Bruce F. Webster: Instrumentation and Heuristics

By Bruce F. Webster Print this article Print

Waking up to find that the metrics used in a project are not measuring up to the needs--and satisfaction--of being completed.

This list also doesn’t directly address such common problems as scope creep, conflicting requirements, changes in business or market needs, budget constraints, or internal politics. Still, the items in the list above could themselves be considered useful metrics; that is, if you could measure this information, you would have a very good sense of where the project stands.

These items would certainly be informative and even predictive—but it remains unclear how to make them “objective,” much less “automated.” In effect, we’re back to the “70 percent done” question and answer, though perhaps in more detail.

Now, I have known organizations that are quite skilled at predicting how long a project will take and how much it will cost. But these are organizations that confine themselves to niche markets and, in effect, implement the same application over and over again, using a rigorous and standardized methodology, usually with extensive up-front analysis and specification (particularly in user interface and functionality).

Even then there are no guarantees; look at the number of troubled and failed enterprise resource planning installations that appear in the news on a regular basis. And, of course, this is of little use for organizations that are creating one-off applications, either custom or commercial.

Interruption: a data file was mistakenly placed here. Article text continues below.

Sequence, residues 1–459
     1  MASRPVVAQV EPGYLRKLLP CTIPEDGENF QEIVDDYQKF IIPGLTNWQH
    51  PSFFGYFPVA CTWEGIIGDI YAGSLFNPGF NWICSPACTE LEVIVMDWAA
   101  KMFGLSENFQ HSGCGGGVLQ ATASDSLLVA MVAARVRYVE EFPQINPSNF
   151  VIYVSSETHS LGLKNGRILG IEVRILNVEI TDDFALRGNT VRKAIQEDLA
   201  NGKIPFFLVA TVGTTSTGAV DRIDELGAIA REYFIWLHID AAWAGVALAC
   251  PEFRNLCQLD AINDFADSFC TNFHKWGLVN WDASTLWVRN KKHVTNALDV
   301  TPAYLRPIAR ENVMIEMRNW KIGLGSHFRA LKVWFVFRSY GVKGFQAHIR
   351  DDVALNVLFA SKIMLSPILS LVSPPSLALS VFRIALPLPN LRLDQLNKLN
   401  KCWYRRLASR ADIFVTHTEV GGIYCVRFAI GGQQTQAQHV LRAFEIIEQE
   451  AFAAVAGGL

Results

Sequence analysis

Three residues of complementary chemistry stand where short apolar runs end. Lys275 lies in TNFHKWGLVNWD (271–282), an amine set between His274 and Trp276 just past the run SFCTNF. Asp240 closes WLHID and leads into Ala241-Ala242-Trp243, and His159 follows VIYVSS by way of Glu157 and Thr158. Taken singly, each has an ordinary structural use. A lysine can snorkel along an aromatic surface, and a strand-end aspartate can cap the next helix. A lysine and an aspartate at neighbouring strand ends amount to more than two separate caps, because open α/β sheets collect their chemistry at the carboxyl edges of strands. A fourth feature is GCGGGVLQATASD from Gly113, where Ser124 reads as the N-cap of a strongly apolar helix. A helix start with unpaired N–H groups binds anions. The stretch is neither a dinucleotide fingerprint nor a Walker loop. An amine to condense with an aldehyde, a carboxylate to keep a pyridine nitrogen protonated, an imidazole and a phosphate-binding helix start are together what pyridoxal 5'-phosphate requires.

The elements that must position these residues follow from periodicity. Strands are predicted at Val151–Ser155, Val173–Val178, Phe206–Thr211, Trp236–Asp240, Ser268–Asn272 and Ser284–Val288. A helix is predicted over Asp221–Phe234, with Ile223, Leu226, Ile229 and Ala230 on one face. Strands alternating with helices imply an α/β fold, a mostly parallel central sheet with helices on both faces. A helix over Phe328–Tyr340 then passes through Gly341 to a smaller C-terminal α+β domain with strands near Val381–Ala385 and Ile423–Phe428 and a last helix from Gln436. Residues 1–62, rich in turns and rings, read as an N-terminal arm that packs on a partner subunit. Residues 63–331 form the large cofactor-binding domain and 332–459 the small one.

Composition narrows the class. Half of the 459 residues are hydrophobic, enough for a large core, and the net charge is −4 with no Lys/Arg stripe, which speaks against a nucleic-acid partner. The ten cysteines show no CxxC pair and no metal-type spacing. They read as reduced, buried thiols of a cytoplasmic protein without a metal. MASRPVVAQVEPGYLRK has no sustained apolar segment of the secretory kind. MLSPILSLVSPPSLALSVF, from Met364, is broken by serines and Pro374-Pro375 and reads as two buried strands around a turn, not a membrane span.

One solution, I believe, lies in a combination of two approaches: instrumentation and heuristics. By “instrumentation,” I mean creating a system whereby you can automatically track and monitor as many aspects and activities as possible of the entire software development or infrastructure project lifecycle. And by “heuristics,” I mean analyzing the information gathered via instrumentation to discover which characteristics best predict ongoing performance and completion of the project.

And we’ll talk about this in more detail next week. Until then, I’ll see you on the bitstream.

Bruce F. Webster is an international IT consultant. You can reach him at bwebster@bfwa.com or via his websites at brucefwebster.com and bfwa.com.

© 2008 Bruce F. Webster

This article was originally published on 2008-06-13
Webster is Principal and Founder at at Bruce F. Webster & Associates LLC. He works with organizations to help them evaluate troubled or failed information technology (IT) projects, or to assess IT systems and products for possible investment/acquisition. He has also worked in several dozen legal cases as a consultant and as a testifying expert, both in the United States and Japan.
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